The global financial meltdown reminds us again how important good communications are in our societies.
In 1929, the United States experienced a major stock-market crash, which precipitated disastrous bank runs – thousands of account-holders descended on their local financial institutions, demanding their life savings in cash – and contributed to what we now call The Great Depression.
As news spread over the last few weeks about potential failures in the financial markets, the specter of the bank run rose again as people talked again about withdrawing their hard-earned money before it disappeared.
But it didn't happen and isn't likely to happen in most countries throughout the world. I believe we will avoid failure because of the systems and protections enacted throughout the world to avert these runs and because of the instantaneous nature of communications.
While TV, radio and the Internet alerted people to the financial-system meltdown, customers could go online and read press releases from the affected banking institutions and government bodies and be reassured that their savings were either insured or protected.
Where does email come in to play? I personally have direct relationships with three financial institutions (not including credit-card issuers, mutual funds, etc.). Only one of them has reached out to communicate with me about the market turbulence in the last few weeks.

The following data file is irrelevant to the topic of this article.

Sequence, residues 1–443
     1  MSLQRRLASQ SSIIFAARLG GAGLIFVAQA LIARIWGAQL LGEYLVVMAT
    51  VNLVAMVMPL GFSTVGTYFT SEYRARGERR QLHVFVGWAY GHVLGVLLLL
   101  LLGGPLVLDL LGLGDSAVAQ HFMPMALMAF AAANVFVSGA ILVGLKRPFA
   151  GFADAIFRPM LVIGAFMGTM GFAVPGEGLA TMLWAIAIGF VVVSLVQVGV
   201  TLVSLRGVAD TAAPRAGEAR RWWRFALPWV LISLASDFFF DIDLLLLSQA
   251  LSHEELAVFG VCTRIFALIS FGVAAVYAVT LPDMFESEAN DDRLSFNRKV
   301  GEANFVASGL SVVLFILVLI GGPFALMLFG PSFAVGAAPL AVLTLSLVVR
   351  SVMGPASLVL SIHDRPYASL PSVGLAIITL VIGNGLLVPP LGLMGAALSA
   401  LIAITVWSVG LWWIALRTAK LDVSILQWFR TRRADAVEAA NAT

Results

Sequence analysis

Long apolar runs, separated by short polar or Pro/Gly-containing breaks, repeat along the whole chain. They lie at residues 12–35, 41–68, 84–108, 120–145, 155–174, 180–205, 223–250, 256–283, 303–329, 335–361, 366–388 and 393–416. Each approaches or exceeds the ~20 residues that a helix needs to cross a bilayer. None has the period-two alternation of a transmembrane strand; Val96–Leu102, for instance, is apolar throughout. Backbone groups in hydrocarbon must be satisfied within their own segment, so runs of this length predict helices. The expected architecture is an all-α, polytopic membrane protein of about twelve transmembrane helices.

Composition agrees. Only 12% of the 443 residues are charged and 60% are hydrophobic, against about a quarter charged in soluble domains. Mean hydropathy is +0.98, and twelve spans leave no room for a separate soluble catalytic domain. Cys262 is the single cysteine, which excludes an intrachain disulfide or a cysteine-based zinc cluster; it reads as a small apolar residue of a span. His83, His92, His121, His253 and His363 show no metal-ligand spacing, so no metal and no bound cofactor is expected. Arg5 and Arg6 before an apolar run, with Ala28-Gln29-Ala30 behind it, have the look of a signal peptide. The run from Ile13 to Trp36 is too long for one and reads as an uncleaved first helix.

This company has sent me three separate emails, all meant to educate and reassure me about my accounts and status of the financial markets.
One of the other institutions is, in fact, a well-known bank that has been in the headlines in the last few days as pieces of the bank will be sold to another bank. But nary a communication from them. Nothing. Zilch. Nada.
As marketers, we spend most of our time talking about things such as customer acquisition, conversion rates, average order size, revenue per email and other short-term top-line-oriented metrics. But, at its core, email is still a communications channel from consumer to consumer and between businesses and consumers.
The emails I received from the one financial institution recognized that we had a relationship and sought to strengthen it through timely, candid and reassuring communications.
My point here is not to talk about the quality of crisis communications but to make us think about all the ways to use email beyond the typical approach of sell, sell, sell.
For most businesses and consumers, email is still the most efficient and quickest way to communicate. When developing your email program and communication cadence, build in the aspect of basic, value-added communications: keeping your subscribers and customers up-to-date on both good and bad news.
It might be as simple as a notice that a popular product is out-of-stock, a bulletin that seminar registration is full, a Web site will be down for maintenance, or you have to add a fuel surcharge because of higher jet-fuel costs.
At its core, email is a communications vehicle, not a just billboard for your latest free-shipping offer. Use email for all it can be.